Professor John Brewer, who specialises in post-conflict studies at Queen’s University, has a bit of a thing about something he describes as ‘peace journalism’.
Writing in the News Letter last week he summed it up as: “an obligation to deal with the past, with helping us to learn to live together in the future. It is about balancing the politics of fear, with the politics of hope. It emphasises what has changed for the better as much as what remains the same. Peace journalism is about assisting in the growth of trust, empathy and understanding so as to ensure the violence never happens again and that our grandchildren do not go through what we went through.”
Hmm. What he’s actually describing is a blend of propaganda, psychoanalysis, Pollyanna delusion and Basil Fawlty’s “don’t mention the war” outburst when the Germans arrived at his hotel.
Ironically, in criticising ‘conflict journalism’ (something he has accused me of peddling in the past) John is merely taking one side while accusing the other side of being at fault and of being an obstacle to progress.
He argues that ‘conflict journalism is simply the reverse’ of peace journalism. He routinely criticises what he doesn’t like. He regularly complains about the ‘old media’. He carps about the malign influence of newspapers at key moments. Yet in so doing he’s in precisely the same us-and-them territory as everyone else: although he seems to think that his position is somehow more virtuous.
John’s ‘peace journalism’ is just another way of looking at Northern Ireland. It’s neither a right way nor a wrong way to look at it – it’s simply one way.
And it’s nothing new, of course. There have always been people complaining about the polarising nature of the media and the relentless negativity. It goes with the territory of journalism and it goes with the territory of being a columnist and commentator.
John would describe Northern Ireland as a society emerging from conflict. I wouldn’t. I would describe it as a place that has opted for conflict stalemate rather than conflict resolution.
He would, I think, argue that the media has a duty to encourage our politicians. I have no problem with that: but I don’t believe we should indulge them or be grateful to them time after time for pulling the institutions back from the brink of the latest crisis.
He would want the media to counterbalance negativity with positivity, whereas I would draw the line at finding something just for the optics.
Here’s something that John needs to understand. Ninety per cent of those who could be bothered to vote here are voting for us-and-them parties who cannot agree on a common future or agenda. They will stymie each other at every opportunity, continue the silo mentality within their respective departments and veto each other when possible. It is conflict politics and it will remain conflict politics. Sit in the Assembly chamber and you will see it in action. Read the press releases and you will see it in action. Watch the news, listen to the news, read the news and you will see it in action.
Northern Ireland, on the political surface at least, isn’t changing. Social, educational, recreational, housing and political integration is as far away as ever. All of the big-ticket ‘new era’ Northern Ireland decisions have been shelved. The parties talk of progress and change but won’t do things differently. Alliance is stuck below 10 per cent support, NI21 has imploded, there are no post-conflict electoral vehicles ready for the fifth Assembly election and I can’t think of one person who is offering anything new or challenging.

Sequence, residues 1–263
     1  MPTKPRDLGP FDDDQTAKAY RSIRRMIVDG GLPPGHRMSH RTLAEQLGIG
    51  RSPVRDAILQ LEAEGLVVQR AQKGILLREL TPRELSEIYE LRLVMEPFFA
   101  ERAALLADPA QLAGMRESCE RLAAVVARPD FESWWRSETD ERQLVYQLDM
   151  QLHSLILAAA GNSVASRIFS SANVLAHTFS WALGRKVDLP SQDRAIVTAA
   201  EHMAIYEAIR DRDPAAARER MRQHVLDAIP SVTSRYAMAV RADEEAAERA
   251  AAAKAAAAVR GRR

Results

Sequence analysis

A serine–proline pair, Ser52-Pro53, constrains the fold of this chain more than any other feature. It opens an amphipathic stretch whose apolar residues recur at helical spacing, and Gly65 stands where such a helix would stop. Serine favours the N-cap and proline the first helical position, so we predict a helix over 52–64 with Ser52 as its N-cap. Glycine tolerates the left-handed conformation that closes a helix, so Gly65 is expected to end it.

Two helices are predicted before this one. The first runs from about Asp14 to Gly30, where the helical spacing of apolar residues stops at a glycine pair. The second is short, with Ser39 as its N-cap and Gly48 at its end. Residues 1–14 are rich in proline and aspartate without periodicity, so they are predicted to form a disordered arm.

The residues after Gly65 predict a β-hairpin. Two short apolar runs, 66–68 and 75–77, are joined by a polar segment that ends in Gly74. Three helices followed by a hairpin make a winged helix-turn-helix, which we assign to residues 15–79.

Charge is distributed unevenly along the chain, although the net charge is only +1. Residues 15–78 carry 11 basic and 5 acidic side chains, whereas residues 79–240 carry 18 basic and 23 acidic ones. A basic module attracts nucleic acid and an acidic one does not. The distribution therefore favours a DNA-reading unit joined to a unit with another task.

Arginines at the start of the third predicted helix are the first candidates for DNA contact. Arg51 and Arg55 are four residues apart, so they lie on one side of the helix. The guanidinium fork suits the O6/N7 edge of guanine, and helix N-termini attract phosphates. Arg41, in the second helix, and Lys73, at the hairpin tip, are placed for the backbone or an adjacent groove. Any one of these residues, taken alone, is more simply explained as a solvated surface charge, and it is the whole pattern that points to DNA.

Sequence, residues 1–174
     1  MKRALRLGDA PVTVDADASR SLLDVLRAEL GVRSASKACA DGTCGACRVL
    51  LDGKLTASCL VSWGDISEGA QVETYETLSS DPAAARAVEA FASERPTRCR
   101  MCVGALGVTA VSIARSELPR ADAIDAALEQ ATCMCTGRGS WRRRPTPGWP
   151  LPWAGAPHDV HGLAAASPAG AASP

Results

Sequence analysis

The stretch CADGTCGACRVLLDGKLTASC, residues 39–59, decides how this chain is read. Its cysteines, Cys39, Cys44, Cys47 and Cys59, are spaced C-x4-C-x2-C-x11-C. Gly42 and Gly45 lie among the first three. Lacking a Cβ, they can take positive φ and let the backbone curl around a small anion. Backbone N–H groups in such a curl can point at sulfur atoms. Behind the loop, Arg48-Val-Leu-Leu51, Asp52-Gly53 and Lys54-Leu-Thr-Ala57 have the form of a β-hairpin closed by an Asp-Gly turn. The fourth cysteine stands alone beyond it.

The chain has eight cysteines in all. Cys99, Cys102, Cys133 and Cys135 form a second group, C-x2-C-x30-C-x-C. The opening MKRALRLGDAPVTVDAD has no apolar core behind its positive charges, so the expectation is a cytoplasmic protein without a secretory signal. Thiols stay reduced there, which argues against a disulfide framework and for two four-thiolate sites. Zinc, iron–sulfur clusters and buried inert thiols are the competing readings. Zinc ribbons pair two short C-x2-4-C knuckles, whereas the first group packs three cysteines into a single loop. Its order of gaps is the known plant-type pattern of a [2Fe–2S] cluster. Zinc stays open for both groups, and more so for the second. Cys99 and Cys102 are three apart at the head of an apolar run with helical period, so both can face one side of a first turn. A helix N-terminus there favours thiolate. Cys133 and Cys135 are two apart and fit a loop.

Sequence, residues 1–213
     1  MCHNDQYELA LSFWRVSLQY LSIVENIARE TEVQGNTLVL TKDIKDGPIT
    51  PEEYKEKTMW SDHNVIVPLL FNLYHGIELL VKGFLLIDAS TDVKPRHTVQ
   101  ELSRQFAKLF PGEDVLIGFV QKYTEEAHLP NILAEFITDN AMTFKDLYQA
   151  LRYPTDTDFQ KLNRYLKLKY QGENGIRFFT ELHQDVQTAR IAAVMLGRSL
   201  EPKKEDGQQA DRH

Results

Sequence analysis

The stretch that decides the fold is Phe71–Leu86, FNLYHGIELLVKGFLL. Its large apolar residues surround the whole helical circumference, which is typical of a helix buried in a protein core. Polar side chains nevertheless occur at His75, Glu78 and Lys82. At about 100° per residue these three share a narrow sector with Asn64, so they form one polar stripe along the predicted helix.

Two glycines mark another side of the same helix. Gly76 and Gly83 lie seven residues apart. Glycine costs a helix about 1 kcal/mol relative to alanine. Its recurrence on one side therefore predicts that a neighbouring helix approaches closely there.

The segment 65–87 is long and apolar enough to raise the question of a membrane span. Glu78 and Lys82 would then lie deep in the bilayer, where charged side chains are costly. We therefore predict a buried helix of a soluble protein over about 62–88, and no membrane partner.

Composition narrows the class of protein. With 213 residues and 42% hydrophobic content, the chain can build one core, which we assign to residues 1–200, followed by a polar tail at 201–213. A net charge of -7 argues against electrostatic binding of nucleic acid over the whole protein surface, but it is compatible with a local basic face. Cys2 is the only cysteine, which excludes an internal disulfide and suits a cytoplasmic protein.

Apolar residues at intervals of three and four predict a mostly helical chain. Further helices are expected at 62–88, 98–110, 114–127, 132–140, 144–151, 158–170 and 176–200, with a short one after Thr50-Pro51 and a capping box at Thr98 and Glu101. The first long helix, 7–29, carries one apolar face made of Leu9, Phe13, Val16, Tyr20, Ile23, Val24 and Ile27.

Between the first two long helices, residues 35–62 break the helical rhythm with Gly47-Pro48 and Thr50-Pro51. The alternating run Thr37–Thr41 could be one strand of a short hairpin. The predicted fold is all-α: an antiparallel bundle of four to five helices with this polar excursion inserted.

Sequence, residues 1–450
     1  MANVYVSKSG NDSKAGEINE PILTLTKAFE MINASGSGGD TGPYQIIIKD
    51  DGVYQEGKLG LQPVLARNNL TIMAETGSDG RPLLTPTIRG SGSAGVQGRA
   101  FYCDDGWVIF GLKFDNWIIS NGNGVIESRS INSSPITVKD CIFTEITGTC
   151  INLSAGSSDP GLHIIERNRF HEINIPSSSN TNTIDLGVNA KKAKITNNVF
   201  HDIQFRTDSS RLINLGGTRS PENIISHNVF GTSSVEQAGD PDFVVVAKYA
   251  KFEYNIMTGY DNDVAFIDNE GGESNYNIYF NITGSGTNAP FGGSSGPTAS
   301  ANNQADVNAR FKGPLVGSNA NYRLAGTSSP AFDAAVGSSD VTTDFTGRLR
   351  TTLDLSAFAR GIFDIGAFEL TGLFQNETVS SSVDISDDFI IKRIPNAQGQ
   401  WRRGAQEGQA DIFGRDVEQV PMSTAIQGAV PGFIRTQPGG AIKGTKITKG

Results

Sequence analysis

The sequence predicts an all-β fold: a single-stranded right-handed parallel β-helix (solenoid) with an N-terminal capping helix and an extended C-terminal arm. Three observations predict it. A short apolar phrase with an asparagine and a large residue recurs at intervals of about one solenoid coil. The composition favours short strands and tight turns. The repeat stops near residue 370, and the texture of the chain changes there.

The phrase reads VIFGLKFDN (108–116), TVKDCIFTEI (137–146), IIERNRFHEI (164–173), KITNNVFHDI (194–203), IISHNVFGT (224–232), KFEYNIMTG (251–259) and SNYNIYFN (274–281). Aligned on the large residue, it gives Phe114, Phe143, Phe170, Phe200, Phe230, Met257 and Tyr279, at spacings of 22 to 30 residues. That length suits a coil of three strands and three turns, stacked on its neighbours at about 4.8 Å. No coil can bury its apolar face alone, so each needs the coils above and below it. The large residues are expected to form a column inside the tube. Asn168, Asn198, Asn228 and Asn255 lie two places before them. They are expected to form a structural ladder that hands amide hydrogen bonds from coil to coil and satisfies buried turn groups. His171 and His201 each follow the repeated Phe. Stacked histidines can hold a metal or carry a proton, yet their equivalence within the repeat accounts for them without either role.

Where’s the evidence of non-voters taking the Field of Dreams option and building something for themselves? Where’s the next generation with their enthusiasm and agenda for the future? Where are the signs of progress and positivity?
I’m aware that something is going on in the undergrowth and that people in their 20s and 30s are mingling in a way that wasn’t possible when I first came to Belfast in 1974. I’m glad to see the new bars and small businesses. I’m glad to see concerts, exhibitions, cruise ships and world-class events. But none of that will matter in the long run if politics and our institutions (particularly the Assembly and new super councils) continue to be dominated by parties carrying the same baggage they have always carried. Nothing will change if that generation of young business people and ordinary minglers don’t get involved and offer something different for non-voters.
What I think John needs to do is complain less about the ‘old media’ (actually, he should look at social media, Twitter and Facebook if he wants to see industrial scale pessimism and anger!) and work out how to engage the people who don’t read Northern Ireland newspapers or listen to Nolan and Talkback and wouldn’t know the likes of grumpy old sods like me from a hole in the hedge.
John’s problem isn’t actually with old media and so-called ‘conflict journalism’. His problem is that the very people he thinks want to build and support his post-conflict society aren’t listening to him, either. They aren’t listening to worthy panels and would-be do-gooders. They have opted out. They’re as deaf to him as they are to me.
So yes, he can continue to complain about individual newspapers and journalists here, but it’s mostly a waste of time: because, as with most people who attack the media, he has actually picked the wrong battle with the wrong people.